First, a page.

Oregon leads the way in the protection of minors from sexual abuse: Teachers who think a student may be having sex must report it to the police.

WaPo reports.
According to Oregon law, anyone under 18 years old cannot legally give consent, meaning all sexual activity between minors is considered sexual abuse. This policy, [Salem-Keizer school] district officials say, stems from Oregon’s mandatory reporting and child abuse laws....

The subject came up at a training session for teachers and staff in the school district because “we felt like we hadn’t made it clear enough,” as Superintendent Christy Perry told the Statesman Journal....

Some pointed out that this leaves high school students without anyone to speak with about sex.

“You can’t have a conversation about safe sex without talking about sex,” Deborah Carnaghi, a program coordinator for Child Protective Services in Oregon’s Department of Human Services, told the Statesman Journal. Others pointed out that sexual activity among high school students is common....
Then abuse is common (abuse as defined in the state's criminal law). And why are you instructing students on how to be safe during abuse? Time to get back to abstinence only as the safe-sex training?

Here's a  quote from an 11th-grade girl: “I lose the ability to have a private conversation with a trusted adult who works for the district, about something personal to me. Talking about sexual activity between teachers and students should be confidential.” Ambiguity alert.

The people of Oregon need to think and talk about what kinds of laws they want. They need to notice the hypocrisy and the contradictions. Should teenagers under 18 be having sexual intercourse or not? If the answer is no, no means no, right?

The problem with calling Roy Moore a pedophile.

Rachel Hope Cleves (a history professor) and Nicholas L. Syrett (a gender studies professor) write in the Washington Post that it's important to set the label "pedophile" aside and confine it to its technically correct meaning ("recurrent, intense sexually arousing fantasies, sexual urges, or behaviors involving sexual activity with a prepubescent child or children (generally age 13 years or younger)"), because...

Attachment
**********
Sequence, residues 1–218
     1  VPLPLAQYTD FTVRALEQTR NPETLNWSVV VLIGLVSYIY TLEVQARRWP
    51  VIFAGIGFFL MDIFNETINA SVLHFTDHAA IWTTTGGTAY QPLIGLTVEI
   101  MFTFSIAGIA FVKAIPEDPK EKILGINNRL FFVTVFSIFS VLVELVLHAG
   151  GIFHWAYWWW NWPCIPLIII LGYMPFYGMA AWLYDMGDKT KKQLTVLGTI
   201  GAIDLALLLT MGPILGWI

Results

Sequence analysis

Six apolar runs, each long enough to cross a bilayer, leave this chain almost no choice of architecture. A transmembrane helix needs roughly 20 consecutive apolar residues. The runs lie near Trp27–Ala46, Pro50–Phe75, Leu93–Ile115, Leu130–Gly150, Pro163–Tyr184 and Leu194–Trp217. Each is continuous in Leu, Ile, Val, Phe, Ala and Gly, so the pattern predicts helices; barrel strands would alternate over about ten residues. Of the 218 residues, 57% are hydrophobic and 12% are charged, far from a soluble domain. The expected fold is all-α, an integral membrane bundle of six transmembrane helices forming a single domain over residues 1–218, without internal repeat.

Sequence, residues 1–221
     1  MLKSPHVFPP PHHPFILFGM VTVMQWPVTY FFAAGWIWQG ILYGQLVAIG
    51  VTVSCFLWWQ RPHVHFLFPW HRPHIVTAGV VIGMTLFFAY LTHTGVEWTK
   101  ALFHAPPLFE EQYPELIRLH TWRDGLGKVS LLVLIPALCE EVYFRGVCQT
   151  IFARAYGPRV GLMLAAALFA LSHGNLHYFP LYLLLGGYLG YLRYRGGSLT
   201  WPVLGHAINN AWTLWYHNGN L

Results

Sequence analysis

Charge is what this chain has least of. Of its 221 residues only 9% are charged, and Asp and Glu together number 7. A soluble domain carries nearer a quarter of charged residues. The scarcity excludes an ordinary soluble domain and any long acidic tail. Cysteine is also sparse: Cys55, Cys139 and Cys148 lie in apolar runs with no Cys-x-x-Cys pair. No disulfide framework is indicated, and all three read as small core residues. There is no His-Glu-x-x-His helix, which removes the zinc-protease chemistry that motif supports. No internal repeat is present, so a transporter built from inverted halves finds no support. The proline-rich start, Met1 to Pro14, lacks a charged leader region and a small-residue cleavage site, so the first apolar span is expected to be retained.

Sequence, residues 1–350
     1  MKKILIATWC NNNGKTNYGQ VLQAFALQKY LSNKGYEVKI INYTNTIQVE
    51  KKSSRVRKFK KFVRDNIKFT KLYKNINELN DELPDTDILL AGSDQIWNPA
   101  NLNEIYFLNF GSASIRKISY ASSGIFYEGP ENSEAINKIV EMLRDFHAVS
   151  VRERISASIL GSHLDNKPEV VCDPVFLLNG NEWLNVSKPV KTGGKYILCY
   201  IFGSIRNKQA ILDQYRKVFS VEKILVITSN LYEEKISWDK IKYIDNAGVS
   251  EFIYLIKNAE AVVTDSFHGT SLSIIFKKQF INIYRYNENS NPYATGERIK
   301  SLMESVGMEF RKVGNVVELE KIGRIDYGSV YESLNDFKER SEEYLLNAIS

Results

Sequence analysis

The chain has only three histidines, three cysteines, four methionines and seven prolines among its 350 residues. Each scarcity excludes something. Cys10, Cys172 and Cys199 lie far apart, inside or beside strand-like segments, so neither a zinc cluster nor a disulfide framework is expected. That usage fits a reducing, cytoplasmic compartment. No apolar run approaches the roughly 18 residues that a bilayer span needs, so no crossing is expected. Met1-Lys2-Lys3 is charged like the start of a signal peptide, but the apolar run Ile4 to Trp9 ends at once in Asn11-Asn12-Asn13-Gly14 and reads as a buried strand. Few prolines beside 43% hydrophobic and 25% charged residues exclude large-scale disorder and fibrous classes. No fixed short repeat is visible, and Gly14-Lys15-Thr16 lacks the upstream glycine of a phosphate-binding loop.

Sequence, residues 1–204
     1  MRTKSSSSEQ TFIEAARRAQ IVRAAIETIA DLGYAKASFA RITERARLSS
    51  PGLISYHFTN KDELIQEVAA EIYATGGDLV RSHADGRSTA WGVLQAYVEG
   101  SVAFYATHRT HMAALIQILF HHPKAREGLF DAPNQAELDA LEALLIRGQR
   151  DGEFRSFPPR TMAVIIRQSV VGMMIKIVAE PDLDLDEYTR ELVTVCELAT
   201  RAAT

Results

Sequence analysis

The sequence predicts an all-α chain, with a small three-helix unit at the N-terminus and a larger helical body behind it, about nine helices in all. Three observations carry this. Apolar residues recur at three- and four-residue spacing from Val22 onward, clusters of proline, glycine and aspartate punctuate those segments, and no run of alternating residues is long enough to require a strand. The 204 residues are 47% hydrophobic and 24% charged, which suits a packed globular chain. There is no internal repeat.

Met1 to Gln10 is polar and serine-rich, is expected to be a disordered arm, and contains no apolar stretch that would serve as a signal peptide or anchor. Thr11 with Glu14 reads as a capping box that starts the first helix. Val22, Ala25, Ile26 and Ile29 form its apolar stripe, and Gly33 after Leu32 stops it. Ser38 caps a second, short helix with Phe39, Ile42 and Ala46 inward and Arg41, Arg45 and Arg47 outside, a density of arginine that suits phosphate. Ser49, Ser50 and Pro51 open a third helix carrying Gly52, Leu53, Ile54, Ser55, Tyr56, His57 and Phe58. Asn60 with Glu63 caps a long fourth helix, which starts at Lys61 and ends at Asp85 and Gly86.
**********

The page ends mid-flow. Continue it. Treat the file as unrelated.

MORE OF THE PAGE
In the midst of a storm of allegations against powerful men in the world of politics and entertainment, we should see Moore not as an outlier but as another man who allegedly used his position to focus on those who he believed were the most vulnerable.
There are a lot of comments on this op-ed, and many of the most-liked ones don't get the point, and seem to insist on saying "pedophile" because they hate what Moore allegedly did and want to use a strong word to express that and they're not interested in sparing Moore on a technicality.  There are also many other commenters telling these people they didn't understand the article or just read the headline — "Roy Moore is not a pedophile" — and jumped into the comments section.

The authors, Cleves and Syrett, are not out to go easy on Moore. They're interested in going big attacking men in general. Moore may be an extreme case, going after young teenagers, but he's in a set of men that can't be isolated and ostracized as easily as pedophiles. Putting him in the category of men who pursue sex by exploiting a power differential integrates him with men we have not exiled from decent society, but it also creates potential for influencing the bad behavior of many more men. And that's what Cleves and Syrett are eager to do.

I got hit by a drone the other day.

I was walking in my very quiet neighborhood, wearing a long wool coat, listening to an audiobook in my usual there-but-also-somewhere-else manner, and suddenly I'm hit in the leg with what I thought was a rock. Is someone throwing a rock at me? I turn and see a rather pathetic man holding a controller of some sort in his two hands and glance down at the ground and see the stupid drone toy of his that hit me. I give him a look that must have expressed my opinion that this is the dumbest loser I have had to interact with in a long time, said nothing, and moved on. I was glad nobody threw a rock at me and glad I didn't express my sense of relief but only my opinion of his loserhood when I had to look at him.

Also, recently: We were walking down a quiet residential street near where we live, and suddenly BANG! — a big car crash. On a street with practically zero traffic, a black car made a left turn into the path of a red car going straight. No one seemed to be hurt, but the black car spun around and had its whole passenger's side crushed in. I realized how situationally unaware I am when I'm walking. I had my eyes open and looking straight in the direction where it happened, but I don't feel that I saw it. The sound of the crash got my attention, and I looked at the aftermath and deduced what happened, but I really did not see the hit. I think I get caught up in my thoughts and I'm somehow blind without being aware of how blind I am.